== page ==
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Waterways support tourism by:

  • Improving and diversifying established visitor ‘hotspots’
  • Extending the zone of interest beyond the hotspots
  • Covering a wide spectrum of activities, with wide-ranging benefits
  • promoting and supporting the canals in generating income for businesses from leisure. The County and the City of Stoke-on-Trent are committed to preserving and enhancing its historic waterways.

The argument

Research commissioned by the Canal and River Trust and published in 2012 found that boating was not the most significant activity on the waterways, if measured by the numbers of participants. 5% of visitors were on the canals with boats, 2% to fish, 7% to cycle on the towpaths and 53% to walk. The remaining 33% responded that they were on the waterside on their way to or from visitor attractions, pubs or cafes or had come down to sit by the water. The research found that in 2011 there were 0.73 million adults who simply ‘sat or stood by the water’ of the canals in the East Midlands.

The canal network is a legacy of Britain’s past and provides a unique insight into our industrial and social history. In its 2009 report, DEFRA noted that ‘canals were essential to the transformation of Britain into the world’s first industrial nation’. Canals have value for their own sake as cultural and historic assets. In Stoke-on-Trent and Staffordshire we have fine examples of industrial age engineering and remnants of a way of life now gone but easily recognisable to modern eyes. These can also be the drivers of change and modernisation. There are many recent examples where economic regeneration and the conservation of the cultural heritage have been given momentum by restoration schemes. Josiah Wedgwood’s vision and the Ceramic industry presence in Stoke-on-Trent is one example. Throughout the County, there are examples of the link between canals and our industrial heritage with the associated opportunities for the development of tourism potential.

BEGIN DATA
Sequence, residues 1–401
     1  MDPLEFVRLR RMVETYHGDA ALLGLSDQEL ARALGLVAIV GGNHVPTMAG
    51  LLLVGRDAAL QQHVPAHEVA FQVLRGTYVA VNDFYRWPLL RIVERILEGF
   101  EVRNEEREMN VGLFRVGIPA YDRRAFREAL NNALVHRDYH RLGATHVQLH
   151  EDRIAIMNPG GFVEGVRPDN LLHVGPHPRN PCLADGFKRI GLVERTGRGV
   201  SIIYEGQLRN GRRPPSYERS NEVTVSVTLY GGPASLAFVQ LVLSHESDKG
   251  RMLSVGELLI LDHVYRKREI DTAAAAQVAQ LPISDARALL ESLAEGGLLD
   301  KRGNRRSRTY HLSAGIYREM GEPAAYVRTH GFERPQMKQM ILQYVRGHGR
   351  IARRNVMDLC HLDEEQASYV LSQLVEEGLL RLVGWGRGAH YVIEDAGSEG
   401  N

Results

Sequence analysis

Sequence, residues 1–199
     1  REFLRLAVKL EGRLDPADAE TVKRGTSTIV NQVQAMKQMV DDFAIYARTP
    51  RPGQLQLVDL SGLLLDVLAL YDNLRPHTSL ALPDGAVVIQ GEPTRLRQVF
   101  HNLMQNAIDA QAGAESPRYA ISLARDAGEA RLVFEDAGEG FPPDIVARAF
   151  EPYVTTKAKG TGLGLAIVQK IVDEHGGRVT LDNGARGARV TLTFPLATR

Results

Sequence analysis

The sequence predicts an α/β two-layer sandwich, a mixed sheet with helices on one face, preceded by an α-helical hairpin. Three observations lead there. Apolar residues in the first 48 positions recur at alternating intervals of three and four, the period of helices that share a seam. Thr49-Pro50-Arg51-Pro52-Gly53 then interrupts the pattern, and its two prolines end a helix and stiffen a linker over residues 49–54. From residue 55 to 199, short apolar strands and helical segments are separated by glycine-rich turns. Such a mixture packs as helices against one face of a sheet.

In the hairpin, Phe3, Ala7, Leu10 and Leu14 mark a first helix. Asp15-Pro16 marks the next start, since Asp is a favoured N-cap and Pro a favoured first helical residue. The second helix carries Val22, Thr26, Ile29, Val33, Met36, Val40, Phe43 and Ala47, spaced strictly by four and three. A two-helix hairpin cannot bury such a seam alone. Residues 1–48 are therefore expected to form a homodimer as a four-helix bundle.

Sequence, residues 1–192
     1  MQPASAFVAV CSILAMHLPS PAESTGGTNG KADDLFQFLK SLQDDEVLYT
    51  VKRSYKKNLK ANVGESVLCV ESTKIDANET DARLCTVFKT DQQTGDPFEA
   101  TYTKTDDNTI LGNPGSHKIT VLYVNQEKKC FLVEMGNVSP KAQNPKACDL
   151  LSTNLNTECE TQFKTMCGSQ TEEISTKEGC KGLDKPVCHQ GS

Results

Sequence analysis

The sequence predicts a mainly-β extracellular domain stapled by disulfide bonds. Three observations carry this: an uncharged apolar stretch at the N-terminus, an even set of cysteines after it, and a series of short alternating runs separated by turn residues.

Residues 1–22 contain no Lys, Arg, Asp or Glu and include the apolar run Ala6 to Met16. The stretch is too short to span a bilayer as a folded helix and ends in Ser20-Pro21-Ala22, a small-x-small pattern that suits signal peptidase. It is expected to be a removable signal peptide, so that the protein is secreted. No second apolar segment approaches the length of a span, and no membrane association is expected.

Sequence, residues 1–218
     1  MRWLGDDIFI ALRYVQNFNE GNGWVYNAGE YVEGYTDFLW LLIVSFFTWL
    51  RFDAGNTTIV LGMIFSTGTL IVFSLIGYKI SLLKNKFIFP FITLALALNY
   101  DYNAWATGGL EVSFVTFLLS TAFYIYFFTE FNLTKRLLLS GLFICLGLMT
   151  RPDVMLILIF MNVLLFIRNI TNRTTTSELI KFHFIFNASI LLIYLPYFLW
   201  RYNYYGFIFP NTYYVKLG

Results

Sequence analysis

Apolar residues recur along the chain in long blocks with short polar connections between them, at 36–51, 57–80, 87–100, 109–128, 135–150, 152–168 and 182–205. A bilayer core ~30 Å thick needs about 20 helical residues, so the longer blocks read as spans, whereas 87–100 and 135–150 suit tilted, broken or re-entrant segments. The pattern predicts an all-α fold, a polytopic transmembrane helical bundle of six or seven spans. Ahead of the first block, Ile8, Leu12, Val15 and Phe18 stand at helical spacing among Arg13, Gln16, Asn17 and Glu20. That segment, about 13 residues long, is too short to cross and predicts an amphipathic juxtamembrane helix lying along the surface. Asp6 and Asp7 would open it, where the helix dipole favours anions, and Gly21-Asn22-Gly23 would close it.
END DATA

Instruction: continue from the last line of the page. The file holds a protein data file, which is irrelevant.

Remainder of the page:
Canals can connect attractions, such as the visitors centres at Middleport and Bridgewater pottery factories along the canals in the City of Stoke-on-Trent, by creating links such as that to Drayton Manor Park near Tamworth, creating a new tourist ring linking Lichfield to the Birmingham Canal Navigations and by linking Stafford to the national network; They can also deliver lower key, local visitor attractions on the doorstep for people who would like a day out without going too far from home and keeping visitor spend in the local economy e.g at reservoirs such as Rudyard, Chasewater and Tittesworth, and encouraging the organisation of canalside events for example the Etruria Canals Festival in Stoke-on-Trent and Stone Food & Drink Festival. In this context, high quality cultural and heritage assets are a key resource.

Priorities emerging from Local Enterprise Partnerships include seeking growth in the visitor economy. The City and County's canals can deliver such growth by supporting, improving and diversifying established visitor ‘hotspots’ and extending the zone of interest beyond the hotspots. The canals are a continuous historic route which can draw visitors out from the well-known attractions to surprising areas currently not as well-known as they deserve to be or to interesting new gateways.

Walkers at Colwich

Walkers at Colwich on the Trent & Mersey Canal. Photo courtesy Waterway Images Ltd.